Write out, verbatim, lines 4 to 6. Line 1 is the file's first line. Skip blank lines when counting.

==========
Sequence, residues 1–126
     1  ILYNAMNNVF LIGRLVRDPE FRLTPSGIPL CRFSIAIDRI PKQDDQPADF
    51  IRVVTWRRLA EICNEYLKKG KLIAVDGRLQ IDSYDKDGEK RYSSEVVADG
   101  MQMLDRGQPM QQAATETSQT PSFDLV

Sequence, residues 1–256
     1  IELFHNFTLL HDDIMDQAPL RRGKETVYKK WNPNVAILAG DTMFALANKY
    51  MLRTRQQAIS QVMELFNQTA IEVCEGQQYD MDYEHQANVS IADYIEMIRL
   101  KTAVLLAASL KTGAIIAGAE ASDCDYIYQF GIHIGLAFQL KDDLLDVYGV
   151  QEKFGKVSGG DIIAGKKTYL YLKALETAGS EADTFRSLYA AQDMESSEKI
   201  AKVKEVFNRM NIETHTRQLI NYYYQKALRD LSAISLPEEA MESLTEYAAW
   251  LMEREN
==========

   101  MQMLDRGQPM QQAATETSQT PSFDLV

Sequence, residues 1–256
     1  IELFHNFTLL HDDIMDQAPL RRGKETVYKK WNPNVAILAG DTMFALANKY